Elginium Hairspring Fitted on an Elgin Watch The Elgin National Watch Company introduced the Elginium hairspring in 1938. During this era, American watch companies were urgently competing to develop new.
Pictured: Non-Magnetic Watch Company Grade No. 100 Extra, Especially Adjusted by Alexis Favre, 1888 Catalog Page Reproduced in the June 1989 Issue of the NAWCC Bulletin, “Non-Magnetic Watch Co. of.
Pictured: Paillard’s Palladium Balance and Hairspring Charles-Auguste Paillard originally developed his palladium alloys to provide a more suitable material for the construction of fine marine chronometers. As a result of.
Pictured: C.A. Paillard’s Palladium Hairspring English Patent #6367. In the late 1870s, after a decade of experimentation, Charles-Auguste Paillard successfully developed a palladium alloy that was immune to corrosion, featured.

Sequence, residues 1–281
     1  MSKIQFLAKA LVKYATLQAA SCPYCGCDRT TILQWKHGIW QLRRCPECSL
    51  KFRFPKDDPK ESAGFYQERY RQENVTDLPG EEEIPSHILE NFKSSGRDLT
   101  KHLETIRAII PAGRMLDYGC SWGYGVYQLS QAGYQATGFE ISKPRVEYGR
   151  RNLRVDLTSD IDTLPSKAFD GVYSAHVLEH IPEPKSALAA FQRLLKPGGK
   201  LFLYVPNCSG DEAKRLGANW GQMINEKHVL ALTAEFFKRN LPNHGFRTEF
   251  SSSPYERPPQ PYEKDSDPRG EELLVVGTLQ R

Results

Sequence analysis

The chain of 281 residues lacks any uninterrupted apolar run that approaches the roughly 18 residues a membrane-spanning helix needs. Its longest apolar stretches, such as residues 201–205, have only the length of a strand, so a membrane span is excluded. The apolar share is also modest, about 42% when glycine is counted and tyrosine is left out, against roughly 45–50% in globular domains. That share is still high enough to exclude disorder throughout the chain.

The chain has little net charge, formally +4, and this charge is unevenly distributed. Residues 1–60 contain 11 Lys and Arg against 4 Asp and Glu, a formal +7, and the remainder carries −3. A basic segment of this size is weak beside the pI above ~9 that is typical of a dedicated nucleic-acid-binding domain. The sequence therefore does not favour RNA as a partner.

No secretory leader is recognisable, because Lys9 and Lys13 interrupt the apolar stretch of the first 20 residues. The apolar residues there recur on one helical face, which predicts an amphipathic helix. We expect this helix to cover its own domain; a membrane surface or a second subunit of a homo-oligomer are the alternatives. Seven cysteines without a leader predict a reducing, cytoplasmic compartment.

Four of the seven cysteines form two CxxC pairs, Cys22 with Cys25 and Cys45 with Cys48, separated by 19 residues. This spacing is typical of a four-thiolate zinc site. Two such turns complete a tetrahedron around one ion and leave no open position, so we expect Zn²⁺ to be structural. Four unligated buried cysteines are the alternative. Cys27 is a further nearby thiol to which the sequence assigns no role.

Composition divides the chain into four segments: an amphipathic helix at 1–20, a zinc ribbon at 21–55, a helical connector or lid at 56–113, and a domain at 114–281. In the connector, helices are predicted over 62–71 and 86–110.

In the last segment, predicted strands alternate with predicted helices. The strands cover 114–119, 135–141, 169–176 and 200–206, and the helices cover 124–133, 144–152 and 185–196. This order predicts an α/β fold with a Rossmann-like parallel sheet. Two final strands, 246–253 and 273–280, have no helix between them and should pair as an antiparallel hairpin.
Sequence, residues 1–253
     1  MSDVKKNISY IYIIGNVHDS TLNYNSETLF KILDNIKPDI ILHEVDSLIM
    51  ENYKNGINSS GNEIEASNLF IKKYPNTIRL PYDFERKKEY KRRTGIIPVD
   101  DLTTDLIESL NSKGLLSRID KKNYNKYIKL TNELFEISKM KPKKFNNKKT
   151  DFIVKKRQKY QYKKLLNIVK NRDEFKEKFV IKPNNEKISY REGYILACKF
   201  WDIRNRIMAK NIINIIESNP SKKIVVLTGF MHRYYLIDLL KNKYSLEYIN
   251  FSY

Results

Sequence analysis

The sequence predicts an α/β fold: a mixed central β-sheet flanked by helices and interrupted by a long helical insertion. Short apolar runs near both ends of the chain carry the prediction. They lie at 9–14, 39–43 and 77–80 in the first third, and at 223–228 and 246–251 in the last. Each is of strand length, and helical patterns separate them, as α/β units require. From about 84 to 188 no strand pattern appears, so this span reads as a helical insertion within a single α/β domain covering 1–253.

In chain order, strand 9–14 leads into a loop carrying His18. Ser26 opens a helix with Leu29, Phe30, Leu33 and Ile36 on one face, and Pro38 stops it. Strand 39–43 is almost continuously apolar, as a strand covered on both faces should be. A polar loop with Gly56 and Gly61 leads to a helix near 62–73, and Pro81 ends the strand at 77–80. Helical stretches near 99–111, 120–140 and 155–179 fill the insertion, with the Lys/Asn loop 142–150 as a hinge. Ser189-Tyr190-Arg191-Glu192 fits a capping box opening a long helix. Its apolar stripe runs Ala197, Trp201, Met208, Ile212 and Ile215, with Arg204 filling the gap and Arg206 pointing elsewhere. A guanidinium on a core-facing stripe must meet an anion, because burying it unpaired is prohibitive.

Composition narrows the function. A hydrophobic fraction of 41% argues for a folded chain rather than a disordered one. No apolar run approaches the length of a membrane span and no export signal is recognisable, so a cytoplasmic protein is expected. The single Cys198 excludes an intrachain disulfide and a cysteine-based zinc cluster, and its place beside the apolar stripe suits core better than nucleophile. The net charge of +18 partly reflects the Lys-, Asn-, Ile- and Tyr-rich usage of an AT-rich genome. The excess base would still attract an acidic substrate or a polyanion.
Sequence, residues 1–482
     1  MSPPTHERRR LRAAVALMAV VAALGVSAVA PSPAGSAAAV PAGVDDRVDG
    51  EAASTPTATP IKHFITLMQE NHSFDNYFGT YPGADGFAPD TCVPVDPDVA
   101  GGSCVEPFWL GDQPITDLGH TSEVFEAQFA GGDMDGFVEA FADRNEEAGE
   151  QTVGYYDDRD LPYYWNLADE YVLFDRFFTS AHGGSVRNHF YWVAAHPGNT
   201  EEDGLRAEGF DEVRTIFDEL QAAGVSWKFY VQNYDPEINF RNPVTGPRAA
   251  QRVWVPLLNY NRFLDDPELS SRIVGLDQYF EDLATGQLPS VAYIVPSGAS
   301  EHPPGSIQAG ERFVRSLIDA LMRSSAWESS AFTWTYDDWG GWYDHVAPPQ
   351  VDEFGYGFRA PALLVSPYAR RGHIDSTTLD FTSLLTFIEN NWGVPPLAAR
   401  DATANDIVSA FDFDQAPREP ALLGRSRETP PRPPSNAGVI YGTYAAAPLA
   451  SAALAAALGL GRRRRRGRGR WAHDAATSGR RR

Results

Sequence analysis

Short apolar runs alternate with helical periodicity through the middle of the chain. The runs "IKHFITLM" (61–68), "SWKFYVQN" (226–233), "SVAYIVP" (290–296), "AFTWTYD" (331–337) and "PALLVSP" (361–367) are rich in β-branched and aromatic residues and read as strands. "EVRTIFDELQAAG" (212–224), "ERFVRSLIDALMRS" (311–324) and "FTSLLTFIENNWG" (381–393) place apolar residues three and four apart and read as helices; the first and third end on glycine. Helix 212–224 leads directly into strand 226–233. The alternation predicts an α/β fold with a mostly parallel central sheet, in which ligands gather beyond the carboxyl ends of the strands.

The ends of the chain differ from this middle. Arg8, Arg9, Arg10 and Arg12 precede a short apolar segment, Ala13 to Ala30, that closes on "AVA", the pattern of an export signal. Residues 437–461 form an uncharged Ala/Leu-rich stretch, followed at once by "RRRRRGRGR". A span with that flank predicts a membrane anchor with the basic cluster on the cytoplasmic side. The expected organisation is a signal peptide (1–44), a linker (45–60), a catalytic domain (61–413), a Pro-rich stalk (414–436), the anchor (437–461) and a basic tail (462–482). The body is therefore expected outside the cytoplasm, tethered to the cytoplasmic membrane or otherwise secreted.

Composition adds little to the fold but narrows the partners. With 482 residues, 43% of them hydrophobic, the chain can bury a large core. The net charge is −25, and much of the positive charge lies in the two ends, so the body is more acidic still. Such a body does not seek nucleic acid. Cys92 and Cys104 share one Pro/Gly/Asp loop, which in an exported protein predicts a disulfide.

Pictured: “Palladium” Handbill, Published in the August 1803 issue of Nicholson's Journal In 1803, chemist William Hyde Wollaston discovered palladium while experimenting with purification methods for platinum. Wollaston originally called.
Pictured: Rust on a Steel Hairspring At age seventeen, Charles-Auguste Paillard began an apprenticeship under his uncle to study the repair, service, and adjustment of marine chronometers. Paillard quickly realized.